What you need to know about A-Level Physics Practical Examinations

What you need to know about A-Level Physics Practical Examinations

The development of the Physics GCE Advanced Level H2 syllabus has been designed to build on and extend the content coverage at O-Level. Candidates will be assumed to have knowledge and understanding of Physics at O-Level, either as a single subject or as part of a balanced science course.

For the A-Level Physics examination, there are a total of four Papers:

Paper

Type of Paper

Duration

Marks

Weighting

1

Multiple Choice

1 h

30

15%

2

Structured Questions

2 h

80

30%

3

Longer Structured Questions

2 h

80

35%

4

Practical

2 h 30 min

55

20%

 

For the Practical assessment (Paper 4), it is designed to assess a candidate’s competence in practical skills and investigation in these areas:

  • Planning (P)
  • Manipulation, measurement and observation (MMO)
  • Presentation of data and observations (PDO)
  • Analysis, conclusions and evaluation (ACE)

The assessment of Planning (P) will have a weighting of 5%. The assessment of skill areas MMO, PDO and ACE will have a weighting of 15%.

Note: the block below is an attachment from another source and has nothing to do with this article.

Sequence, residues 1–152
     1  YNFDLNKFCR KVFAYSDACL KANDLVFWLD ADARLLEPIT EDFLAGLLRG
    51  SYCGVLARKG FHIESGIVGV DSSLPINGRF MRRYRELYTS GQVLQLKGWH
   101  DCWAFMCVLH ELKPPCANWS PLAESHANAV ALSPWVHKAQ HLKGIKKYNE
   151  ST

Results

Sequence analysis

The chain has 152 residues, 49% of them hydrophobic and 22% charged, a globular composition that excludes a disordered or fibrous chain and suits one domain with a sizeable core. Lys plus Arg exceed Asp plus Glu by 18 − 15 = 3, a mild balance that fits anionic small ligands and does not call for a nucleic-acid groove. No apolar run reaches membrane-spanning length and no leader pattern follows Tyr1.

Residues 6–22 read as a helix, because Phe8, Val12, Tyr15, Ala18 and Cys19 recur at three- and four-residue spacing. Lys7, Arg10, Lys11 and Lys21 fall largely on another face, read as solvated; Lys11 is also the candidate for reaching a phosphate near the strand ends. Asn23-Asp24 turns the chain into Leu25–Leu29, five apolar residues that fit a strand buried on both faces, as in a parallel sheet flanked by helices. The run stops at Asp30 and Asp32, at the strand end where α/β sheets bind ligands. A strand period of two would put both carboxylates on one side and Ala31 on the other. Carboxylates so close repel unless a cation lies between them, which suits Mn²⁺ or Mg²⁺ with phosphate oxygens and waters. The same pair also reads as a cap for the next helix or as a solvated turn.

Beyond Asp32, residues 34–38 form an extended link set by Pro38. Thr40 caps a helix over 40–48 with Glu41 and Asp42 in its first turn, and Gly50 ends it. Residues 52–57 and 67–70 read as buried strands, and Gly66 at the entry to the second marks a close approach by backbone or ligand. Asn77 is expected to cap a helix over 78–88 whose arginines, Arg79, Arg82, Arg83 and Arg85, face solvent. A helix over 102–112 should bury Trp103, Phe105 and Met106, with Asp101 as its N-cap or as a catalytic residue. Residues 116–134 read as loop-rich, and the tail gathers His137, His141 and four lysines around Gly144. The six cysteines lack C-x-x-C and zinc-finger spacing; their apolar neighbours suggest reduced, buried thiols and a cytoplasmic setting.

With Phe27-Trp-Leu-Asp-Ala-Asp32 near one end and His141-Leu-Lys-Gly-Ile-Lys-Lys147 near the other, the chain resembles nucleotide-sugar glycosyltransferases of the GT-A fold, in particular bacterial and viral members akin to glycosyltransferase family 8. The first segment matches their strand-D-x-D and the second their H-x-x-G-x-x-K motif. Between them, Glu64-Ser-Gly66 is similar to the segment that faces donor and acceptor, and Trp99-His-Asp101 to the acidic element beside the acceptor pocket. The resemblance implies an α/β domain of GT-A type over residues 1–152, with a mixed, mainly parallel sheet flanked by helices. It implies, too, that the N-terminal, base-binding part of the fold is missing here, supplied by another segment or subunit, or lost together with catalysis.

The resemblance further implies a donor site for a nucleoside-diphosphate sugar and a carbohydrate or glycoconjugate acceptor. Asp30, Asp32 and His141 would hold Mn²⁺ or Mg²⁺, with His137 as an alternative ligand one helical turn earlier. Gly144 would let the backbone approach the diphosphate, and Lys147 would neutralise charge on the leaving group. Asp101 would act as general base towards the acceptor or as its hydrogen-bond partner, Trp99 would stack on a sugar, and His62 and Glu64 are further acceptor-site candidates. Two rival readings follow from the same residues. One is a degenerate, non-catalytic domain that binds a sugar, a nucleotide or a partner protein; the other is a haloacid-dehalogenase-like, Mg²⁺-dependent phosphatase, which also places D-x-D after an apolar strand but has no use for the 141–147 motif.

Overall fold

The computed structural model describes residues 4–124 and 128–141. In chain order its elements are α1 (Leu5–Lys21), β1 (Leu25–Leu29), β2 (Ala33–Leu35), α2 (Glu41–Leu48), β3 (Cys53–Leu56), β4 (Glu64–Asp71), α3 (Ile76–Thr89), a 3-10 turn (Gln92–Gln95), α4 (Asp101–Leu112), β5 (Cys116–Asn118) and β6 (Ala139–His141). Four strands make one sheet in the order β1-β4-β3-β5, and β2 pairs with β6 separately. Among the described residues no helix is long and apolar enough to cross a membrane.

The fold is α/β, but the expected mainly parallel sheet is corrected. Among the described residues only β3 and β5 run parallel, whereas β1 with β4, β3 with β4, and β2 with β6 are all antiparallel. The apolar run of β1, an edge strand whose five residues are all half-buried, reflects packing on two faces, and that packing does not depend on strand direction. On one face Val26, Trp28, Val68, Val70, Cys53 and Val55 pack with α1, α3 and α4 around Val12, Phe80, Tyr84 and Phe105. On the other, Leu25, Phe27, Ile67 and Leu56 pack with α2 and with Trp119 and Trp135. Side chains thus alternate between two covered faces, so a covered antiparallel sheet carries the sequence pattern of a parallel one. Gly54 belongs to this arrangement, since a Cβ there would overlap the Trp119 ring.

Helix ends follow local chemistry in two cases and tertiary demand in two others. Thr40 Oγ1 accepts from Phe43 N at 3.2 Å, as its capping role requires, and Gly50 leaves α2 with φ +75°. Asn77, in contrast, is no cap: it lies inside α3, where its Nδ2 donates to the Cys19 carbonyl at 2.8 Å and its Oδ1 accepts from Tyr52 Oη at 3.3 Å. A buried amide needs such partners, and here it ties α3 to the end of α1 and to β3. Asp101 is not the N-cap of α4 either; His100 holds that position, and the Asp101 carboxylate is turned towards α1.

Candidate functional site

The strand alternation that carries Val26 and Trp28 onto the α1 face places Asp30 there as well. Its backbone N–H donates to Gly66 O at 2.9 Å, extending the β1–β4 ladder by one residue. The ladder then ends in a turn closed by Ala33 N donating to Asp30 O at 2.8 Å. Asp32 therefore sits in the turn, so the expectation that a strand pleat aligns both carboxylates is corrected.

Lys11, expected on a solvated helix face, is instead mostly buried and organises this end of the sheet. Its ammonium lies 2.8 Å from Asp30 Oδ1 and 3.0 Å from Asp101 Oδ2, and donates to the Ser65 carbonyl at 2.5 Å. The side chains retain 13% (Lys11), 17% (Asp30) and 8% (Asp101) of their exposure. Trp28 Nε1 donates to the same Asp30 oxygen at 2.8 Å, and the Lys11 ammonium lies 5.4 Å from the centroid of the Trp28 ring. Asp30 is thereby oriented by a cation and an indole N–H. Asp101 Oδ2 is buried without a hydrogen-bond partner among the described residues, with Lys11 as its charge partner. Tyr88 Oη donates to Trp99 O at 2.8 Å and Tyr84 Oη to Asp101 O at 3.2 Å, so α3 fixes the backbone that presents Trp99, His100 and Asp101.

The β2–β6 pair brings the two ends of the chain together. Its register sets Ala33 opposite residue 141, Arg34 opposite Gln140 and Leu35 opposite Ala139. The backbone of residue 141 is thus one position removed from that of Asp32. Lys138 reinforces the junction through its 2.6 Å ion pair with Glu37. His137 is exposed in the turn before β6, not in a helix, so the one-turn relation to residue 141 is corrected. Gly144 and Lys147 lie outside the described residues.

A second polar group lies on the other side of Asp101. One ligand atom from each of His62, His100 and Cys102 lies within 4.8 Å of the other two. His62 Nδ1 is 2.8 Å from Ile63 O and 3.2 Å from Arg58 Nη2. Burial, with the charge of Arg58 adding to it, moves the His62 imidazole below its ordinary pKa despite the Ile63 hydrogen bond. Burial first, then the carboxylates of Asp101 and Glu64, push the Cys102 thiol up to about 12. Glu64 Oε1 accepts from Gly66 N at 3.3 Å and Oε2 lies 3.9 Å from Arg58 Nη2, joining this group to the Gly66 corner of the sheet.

The assessment of PDO and ACE may also include questions on data-analysis which do not require practical equipment and apparatus. Candidates would be allocated a specified time for access to apparatus and materials of specific questions.

Candidates will not be permitted to refer to books, laboratory notebooks or any other information during the practical exam.

As the practical exam carries a weightage of 20% of the Higher 2 assessment, it is important to include learning opportunities that develop practical skills. At Concept First, we recognize and train students on healthy habits and practical tips that could make a big difference to their practical exams.

For instance, planning is important, and a student should not jump directly into the first question but to look through all the questions first to get an idea of the complete practical set up before starting the experiment. When taking measurements of an analogue device, ensure one is at eye level and do not swing the object at large angles when performing questions that require oscillations.

To find out more Concept First’s very own A-Level Physics Lab Lessons to help you stay calm and ace your practical exams, click here

To view the full information on the Physics A-Level syllabus by SEAB (Singapore Examinations and Assessments Board), click here